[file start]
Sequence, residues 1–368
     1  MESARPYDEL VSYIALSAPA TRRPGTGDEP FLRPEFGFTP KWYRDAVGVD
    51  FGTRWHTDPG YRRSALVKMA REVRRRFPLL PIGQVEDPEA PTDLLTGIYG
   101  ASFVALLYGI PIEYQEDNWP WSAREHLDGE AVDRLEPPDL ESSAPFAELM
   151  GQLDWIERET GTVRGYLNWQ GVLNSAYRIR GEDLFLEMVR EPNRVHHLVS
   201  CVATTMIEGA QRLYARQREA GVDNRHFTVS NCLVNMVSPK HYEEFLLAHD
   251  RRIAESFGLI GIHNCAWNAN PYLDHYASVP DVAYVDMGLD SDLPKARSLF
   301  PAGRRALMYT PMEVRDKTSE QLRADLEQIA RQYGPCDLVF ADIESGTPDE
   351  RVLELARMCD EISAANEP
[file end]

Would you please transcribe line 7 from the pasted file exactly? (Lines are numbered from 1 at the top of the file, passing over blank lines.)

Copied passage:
   251  RRIAESFGLI GIHNCAWNAN PYLDHYASVP DVAYVDMGLD SDLPKARSLF